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Ray Rice regularly says that his backup running back Ricky Williams is “the best thing that ever happened to me.”
The idea has merit, as Rice enjoyed the best season of his career with Williams on the roster.
In his first year with the Ravens, Williams proved to be an excellent fit for the offense and Rice will be happy to know that Williams fully intends to return to Baltimore next year for his 12th NFL season.
“My body feels good and I know I’m going to train hard and so I’m excited about next year,” Williams said after the season. “I’ve grown a lot, kind of falling into a new role and a new city and a new organization, and I’ve gotten better. And like everyone else, I feel like I have something to build on for next year.”
Williams will be 35 years old by the time next season starts – potentially making him the oldest running back in the league (Kevin Faulk, 35, and Sammy Morris, 34, are currently older) – and he will be entering the final season of a two-year deal he signed with Baltimore.
In a league where longevity is fleeting and even the best running backs tend to fizzle out by age 30, Williams has found a way to stay productive, valuable and healthy in the twilight years of his career.
“I’m not so surprised I’ve played this long, but I am surprised at how good I feel,” Williams said.
Judging by the stat sheet, Williams saw a decline in his production this season.
He had career lows in carries (108) and total rushing yards (444), and scored only two touchdowns. For a player who has spent much of his 11-year career as a feature back and face of the franchise, the drop in stats might seem bothersome.
But not for Williams, who relished the chance to serve as Rice’s backup.
The Ravens used the 230-pound running back to spell Rice at times and bring more of a power rusher into the game. The one-two punch led to a statistical decline for Williams, but helped Rice stay fresh and become the only player in the NFL to net more than 2,000 yards from scrimmage.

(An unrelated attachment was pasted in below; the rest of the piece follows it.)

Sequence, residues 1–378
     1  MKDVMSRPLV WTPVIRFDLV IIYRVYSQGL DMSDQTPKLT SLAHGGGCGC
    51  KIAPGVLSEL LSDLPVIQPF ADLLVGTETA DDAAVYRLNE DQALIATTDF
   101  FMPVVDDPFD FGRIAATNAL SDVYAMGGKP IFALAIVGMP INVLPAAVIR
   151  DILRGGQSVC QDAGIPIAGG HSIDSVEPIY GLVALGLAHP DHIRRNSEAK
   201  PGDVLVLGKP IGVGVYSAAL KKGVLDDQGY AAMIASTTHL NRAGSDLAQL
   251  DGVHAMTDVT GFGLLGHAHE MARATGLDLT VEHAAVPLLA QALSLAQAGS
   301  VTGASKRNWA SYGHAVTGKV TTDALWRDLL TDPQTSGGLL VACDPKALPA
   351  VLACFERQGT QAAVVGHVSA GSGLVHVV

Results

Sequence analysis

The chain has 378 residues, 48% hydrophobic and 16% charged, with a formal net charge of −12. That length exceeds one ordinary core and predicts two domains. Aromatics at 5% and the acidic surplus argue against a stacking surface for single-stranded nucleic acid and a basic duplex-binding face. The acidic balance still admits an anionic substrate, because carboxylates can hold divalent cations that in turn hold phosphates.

“For me the opportunities to be a feature back are not as much,” Williams said. “But the opportunity to play and that someone wants me, it’s a big deal at this point.”
As the end nears for some NFL players, the topic of retirement is often met with hesitation.
Williams, however, admits that he thinks about it and what life could hold for him after football, even if he knows it might not be for a couple of years.
“I think about what am I going to do in retirement, and I think to me, one of the most valuable things about the football season is that you’re pushed in so many different ways that it forces you to grow,” he said. “It’s a very intense environment in a very short amount of time, and once you leave this it’s going to be hard to match this opportunity to grow.”
One opportunity that Williams is still playing for is a chance at a Super Bowl ring. He has made the playoffs just three times in his career and this season was the closest he’s ever come to the Super Bowl.
As the Ravens cleared out their lockers last week to break for the offseason, Williams said that even after the heartbreaking loss to New England, the process was easier than previous seasons because the team has confidence they can get back in position to play for football’s ultimate prize.
“Situations like this are always learning experiences,” Williams said. “I think if you look at the big picture and what it takes to train a team to win a Super Bowl, this is just one of those lessons.
“I think we have enough character and we have enough leadership that we’re going to take the confidence that we gained in that game and hopefully carry it over to next year and go a little bit further.”